Sometimes, Muslims living in non-Muslim majority countries are ambivalent about consistently choosing Dhabiha when they buy meat. These mixed feelings may come from the cost of the meat, the cleanliness of the store selling the meat ,or even a lack of knowledge of the Islamic jurisprudence (Fiqh) regarding meat.
In Islamic law, the word “Dhabiha” (ذبيحة), literally means ‘slaughter’. Dhabiha meat is therefore meat that has been slaughtered in accordance with Islamic rules. These rules regulate the requirements and behavior to ensure that animals are slaughtered in a humane manner that places animal welfare and purification in high regard.
Some opponents to the practice of Dhabiha in parts of Europe and North America claim that the method is cruel. However, there is nothing further from the truth. In fact, there are many reasons why making a conscious choice to buy and consume Dhabiha is the preferred route.
1. Obedience: Scholars in Islam universally agree that Dhabiha is preferred. The believers look to the Holy Quran as a Guide. In the Holy Quran, Allah, The Most High, instructs the believers to eat meat that has the name of Allah pronounced over it.
“So eat of (meats) on which Allah’s name hath been pronounced, if ye have faith in His signs.”
Surah Al An'am, The Cattle (6:118)
There is absolutely no way to ensure that meat purchased from a regular grocery store has met this requirement. Therefore, the believer wants to please Allah and obey what He orders us to do.
2. Cleanliness: Cleanliness is important in Islam. This goes beyond just the spiritual cleansing of our mind and making sure we are in a state of ritual cleanliness for prayer. The foods that we eat are to be clean as well. Halal farmers who raise animals place great emphasis on safety and hygiene, reducing the incidence of food contamination. In Halal food, great emphasis is placed on food safety and hygiene. These farmers will adhere to Islamic rules and regulations on the proper care of the animals. The animals will be well treated, fed with healthy grains, and the farmers will typically avoid using antibiotics and chemicals that can be transferred to the consumer of the meat.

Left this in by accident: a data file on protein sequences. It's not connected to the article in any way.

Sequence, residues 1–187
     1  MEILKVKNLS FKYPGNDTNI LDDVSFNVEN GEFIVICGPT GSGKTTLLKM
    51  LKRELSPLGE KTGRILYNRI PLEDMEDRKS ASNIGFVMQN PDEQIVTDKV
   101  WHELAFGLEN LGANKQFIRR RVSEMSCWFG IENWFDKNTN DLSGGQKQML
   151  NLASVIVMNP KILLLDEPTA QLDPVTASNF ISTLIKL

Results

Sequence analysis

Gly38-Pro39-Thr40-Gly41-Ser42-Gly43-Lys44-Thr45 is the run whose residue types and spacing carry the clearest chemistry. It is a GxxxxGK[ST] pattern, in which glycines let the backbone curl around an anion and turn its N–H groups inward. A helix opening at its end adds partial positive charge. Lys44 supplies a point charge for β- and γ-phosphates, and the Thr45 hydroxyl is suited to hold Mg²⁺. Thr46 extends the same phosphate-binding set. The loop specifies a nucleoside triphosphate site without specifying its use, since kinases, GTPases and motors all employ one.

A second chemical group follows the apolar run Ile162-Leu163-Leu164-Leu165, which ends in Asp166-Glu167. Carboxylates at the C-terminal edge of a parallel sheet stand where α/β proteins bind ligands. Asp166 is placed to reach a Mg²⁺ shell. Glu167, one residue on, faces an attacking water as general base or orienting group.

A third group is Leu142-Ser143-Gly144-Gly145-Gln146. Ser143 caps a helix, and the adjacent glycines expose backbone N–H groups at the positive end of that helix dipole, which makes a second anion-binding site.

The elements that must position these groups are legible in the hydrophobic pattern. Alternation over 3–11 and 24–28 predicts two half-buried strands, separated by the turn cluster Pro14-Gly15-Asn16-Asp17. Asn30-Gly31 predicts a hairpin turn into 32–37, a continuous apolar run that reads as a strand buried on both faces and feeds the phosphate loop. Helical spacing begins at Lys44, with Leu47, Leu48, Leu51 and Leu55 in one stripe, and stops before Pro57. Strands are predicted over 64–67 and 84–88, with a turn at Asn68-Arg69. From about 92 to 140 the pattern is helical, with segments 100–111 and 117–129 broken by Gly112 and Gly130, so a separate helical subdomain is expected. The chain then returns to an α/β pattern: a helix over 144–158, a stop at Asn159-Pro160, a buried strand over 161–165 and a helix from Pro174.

3. Mercy and animal welfare: The concern that Prophet Muhammad, peace and blessings be upon him, had for the ethical and merciful treatment of animals is found throughout the Hadiths and his Sunnah.
A good deed done to an animal is as meritorious as a good deed done to a human being, while an act of cruelty to an animal is as bad as an act of cruelty to a human being.”
(Mishkat al-Masabih; Book 6; Chapter 7, 8:178.)
In many commercial and industrial slaughter houses around the world that do not adhere to Dhabiha procedures, the method of death for the animals can be quite cruel. There have been reports in the news that expose conditions of overcrowding, lack of sleep, exhaustion, cries of pain, and the like.
The method adhered to by butchers who will make the meat Dhabiha is much different. Islam dictates that all the animals are to be respected and treated well before being consumed. Even while they are being reared, animals raised for this type of slaughter will live a healthy life. As they approach slaughter, no animal is killed in the sight of other live animals, so as to not cause stress. The slaughtering process itself is humane. The butcher will not sharpen the blade within sight of the animals. Then the butcher will slash the throat (wind, food, and water pipes) in one fast back and forth motion applying pressure to instantly kill the animal and pronounce “Bismillah” as he does so.